(Reuters) – The U.S. television audience for the first hostless Academy Awards broadcast in 30 years was roughly 12 percent bigger than last year’s record-low crowd of viewers, Walt Disney Co’s ABC said on Monday.
FILE PHOTO: An Oscars sign tops the fan bleachers on the red carpet as preparations continue for the 91st Academy Awards in Hollywood, Los Angeles, California, U.S., February 21, 2019. REUTERS/Lucy Nicholson
The telecast of the Oscars on Sunday attracted an average audience of 29.6 million total viewers, ABC said in a statement. In 2018, the live Oscars show averaged 26.5 million total viewers, a record low and down from 32.9 million in 2017.
Sunday’s ceremony opened with a performance by British rock band Queen, featuring “American Idol” star Adam Lambert as lead vocalist, that brought the audience to its feet. The full show ran about 40 minutes shorter than the 2018 program hosted by Jimmy Kimmel and eschewed its typical opening monologue for short celebrity cameos.
Awards shows remain one of the few must-see live events and their ratings are closely watched by advertisers as streaming shows, movies and other content compete for watchers’ attention. Though dwarfed by the Super Bowl, the Oscars are often one of America’s most watched non-sporting events.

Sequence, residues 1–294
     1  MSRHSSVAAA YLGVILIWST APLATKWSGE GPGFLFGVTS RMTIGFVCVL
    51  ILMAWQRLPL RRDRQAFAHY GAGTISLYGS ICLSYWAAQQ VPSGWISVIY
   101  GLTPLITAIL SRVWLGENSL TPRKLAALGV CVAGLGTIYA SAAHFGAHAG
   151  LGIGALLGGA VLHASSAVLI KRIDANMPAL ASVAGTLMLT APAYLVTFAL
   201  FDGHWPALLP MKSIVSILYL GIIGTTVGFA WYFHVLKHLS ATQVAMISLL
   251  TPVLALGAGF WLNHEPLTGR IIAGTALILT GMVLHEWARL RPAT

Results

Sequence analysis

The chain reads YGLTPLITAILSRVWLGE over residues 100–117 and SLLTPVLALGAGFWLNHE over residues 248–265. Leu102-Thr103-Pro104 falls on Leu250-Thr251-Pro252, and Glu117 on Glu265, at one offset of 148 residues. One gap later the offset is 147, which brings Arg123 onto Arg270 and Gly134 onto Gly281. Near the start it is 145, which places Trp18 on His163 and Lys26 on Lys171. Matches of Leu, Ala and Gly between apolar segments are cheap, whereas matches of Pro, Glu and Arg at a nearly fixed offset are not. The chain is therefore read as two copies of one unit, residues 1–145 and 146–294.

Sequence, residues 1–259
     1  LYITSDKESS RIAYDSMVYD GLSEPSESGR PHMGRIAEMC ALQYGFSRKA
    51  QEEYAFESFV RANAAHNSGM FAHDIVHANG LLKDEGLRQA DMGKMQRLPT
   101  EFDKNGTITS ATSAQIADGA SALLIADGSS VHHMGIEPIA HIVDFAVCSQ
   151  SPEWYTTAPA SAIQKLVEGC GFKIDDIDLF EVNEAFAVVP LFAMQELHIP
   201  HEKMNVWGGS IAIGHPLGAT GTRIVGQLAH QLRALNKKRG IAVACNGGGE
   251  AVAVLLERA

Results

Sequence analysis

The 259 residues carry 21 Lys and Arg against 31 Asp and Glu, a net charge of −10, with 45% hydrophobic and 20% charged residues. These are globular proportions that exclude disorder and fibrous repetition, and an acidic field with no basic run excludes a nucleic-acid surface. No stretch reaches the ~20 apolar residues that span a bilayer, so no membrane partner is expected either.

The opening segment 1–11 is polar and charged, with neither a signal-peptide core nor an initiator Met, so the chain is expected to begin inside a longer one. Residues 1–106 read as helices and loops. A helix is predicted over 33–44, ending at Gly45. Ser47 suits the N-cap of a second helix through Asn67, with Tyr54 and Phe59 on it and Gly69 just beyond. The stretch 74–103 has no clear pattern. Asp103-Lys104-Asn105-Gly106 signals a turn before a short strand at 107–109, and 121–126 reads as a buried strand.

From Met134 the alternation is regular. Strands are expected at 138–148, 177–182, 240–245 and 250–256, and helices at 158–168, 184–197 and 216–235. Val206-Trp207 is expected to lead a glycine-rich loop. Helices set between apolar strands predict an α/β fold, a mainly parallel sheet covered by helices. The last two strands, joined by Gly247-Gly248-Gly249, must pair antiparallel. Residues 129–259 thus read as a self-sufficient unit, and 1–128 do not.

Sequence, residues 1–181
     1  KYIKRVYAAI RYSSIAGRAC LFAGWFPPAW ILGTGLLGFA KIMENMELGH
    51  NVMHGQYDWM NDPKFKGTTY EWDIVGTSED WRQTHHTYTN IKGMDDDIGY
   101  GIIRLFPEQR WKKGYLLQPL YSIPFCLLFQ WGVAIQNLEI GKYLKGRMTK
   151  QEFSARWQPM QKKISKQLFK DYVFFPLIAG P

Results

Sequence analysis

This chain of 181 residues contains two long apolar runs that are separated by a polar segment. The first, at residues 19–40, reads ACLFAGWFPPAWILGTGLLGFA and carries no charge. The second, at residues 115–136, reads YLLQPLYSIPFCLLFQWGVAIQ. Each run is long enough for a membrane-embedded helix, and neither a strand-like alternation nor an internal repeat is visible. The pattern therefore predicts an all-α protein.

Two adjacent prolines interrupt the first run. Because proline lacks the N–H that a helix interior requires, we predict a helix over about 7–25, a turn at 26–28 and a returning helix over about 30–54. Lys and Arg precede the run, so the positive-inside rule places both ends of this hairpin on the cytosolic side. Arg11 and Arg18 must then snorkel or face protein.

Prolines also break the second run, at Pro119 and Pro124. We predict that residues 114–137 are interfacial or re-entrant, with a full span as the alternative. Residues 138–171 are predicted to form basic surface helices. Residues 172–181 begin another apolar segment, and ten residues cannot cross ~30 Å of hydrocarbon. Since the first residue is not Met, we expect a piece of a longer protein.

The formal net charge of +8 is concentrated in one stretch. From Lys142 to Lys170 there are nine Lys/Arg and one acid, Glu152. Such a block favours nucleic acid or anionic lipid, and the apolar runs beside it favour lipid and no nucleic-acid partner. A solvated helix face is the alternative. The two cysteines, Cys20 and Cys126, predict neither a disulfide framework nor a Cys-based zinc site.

The Nielsen data for the Oscars does not include viewing of the Oscars on digital and mobile platforms. ABC owns U.S. broadcast rights for the Oscars through 2028.
Comedian Kevin Hart withdrew from the hosting job in December after past homophobic tweets resurfaced. It was only the second time the show went without a host in its 91-year history.
This year’s ceremony relied heavily on the two music-themed contenders in the best picture race, “A Star Is Born” and “Bohemian Rhapsody,” to help set the tone.
The 2019 Oscars were a win for films telling stories from a range of racial and cultural perspectives, marking a major shift three years after the industry’s top awards show was slammed for overlooking work by nonwhite artists.
Road trip movie “Green Book” triumphed over “Roma” to win the best picture Oscar.
The audience for this year’s Super Bowl, by far the most watched American event of the year, drew 98.2 million viewers on CBS Corp’s television network, down about 5 percent from last year’s game and its smallest audience since 2009.
But the U.S. audience for this year’s Grammy Awards on CBS rose slightly to 19.9 million. CBS said many millions more watched part of the highest honors in the U.S. music industry or interacted on social media.
Writing by Meredith Mazzilli; Editing by Nick Zieminski